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Insights and Impact so far…

All the workshops are pushing youth influencers in the refugee camp to value and promote changemaker skills: empathy, teamwork, fluid leadership and changemaking. Additionally, the refugees are learning the importance of storytelling as means to exercise self expression, pluralism, creative enterprise and the importance of making mistakes as a gateway to crazy ideas that may catalyze social change.


“Back in Syria, I did not know I was a changemaker. Now in Zaatari, of all places, I feel I am a changemaker,”—Young Syrian refugee girl in #MeWeSyria workshops 2015


I am employing several different tactics in these workshops and integrating some of Ashoka’s Youth Venture’s ‘Design for Change’ exercises into the Me/We curriculum. In one exercise, youth teams are challenged to ideate on a real global challenge, such as cheaply and safely ridding the world of land mines. What was interesting about this was that all of the Syrian youths’ answers and ideas dealt with either awareness raising, or hiring outside experts to fix the problem for them. This is telling because it speaks to the cultural barriers that exist for communicating and valuing changemakers organically from their own community.

The context of this is a lack of space for youth to express their imagination, critical thinking and creative problem solving skills. In the Middle East and South Asia, diligent memorization can often take precedence over critical thinking and risk taking in the classroom.
In another exercise, I pushed the youth to start video blogging on a laptop. At first, they stare at themselves silently, afraid to click record…afraid to start communicating even with themselves! But once they overcome their fear and embrace expression, that one click becomes a click towards creative enterprise, ideation, communication and empathy. That one click become an irreversible first step to discovering their inner changemaker and to communicating changemaking around them.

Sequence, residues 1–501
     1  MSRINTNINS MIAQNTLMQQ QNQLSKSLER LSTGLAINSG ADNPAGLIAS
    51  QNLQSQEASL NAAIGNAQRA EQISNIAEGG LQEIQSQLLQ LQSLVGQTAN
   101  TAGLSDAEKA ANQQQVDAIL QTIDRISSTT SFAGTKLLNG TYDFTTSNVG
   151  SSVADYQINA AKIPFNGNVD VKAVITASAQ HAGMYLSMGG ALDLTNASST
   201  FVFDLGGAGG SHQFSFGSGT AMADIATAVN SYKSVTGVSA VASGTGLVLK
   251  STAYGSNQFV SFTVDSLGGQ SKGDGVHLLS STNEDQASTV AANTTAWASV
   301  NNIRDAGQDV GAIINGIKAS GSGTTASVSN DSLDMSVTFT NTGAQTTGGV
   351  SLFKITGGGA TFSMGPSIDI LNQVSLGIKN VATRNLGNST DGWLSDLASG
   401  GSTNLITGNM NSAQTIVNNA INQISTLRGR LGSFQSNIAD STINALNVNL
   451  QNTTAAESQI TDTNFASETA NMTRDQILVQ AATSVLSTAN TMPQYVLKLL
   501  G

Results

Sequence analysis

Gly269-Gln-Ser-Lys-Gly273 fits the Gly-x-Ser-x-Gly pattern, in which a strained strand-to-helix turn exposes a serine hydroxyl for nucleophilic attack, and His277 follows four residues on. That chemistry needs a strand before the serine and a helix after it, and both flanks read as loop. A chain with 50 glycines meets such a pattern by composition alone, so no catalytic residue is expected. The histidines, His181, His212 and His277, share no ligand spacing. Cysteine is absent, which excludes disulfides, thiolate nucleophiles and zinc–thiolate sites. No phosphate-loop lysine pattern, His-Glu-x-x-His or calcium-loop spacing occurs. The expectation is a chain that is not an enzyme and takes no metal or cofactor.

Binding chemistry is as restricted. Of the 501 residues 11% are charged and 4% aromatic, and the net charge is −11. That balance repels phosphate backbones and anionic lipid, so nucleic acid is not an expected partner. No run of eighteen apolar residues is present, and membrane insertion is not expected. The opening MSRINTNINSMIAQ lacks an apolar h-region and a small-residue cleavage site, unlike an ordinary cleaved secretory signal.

“That was the first time I have had a conversation with myself in years…” Syrian refugee youth, 2015, After a vlogger exercise

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Exciting next steps

  • Me/We storytelling for changemaker workshops will be replicated by trained youth mentors and teachers, and offered as a course at the new UNFPA Youth Center managed by Questscope. This means that new groups of refugee youth– boys and girls– will be able to discover their inner changemaker and explore creative enterprise and build skills for communications, empathy and changemaking.
  • Me/We has trained a group of youth journalists in the camp who have already finished writing, directing and producing two short films about social issues that need changemakers: child labour/education; and transportation access/ health of the elderly and pregnant women. These journalists will continue their training at the Youth Center and have access to equipment to take their magazine and storytelling to the next level. Their content will now also focus on cultivating a culture of changemakers.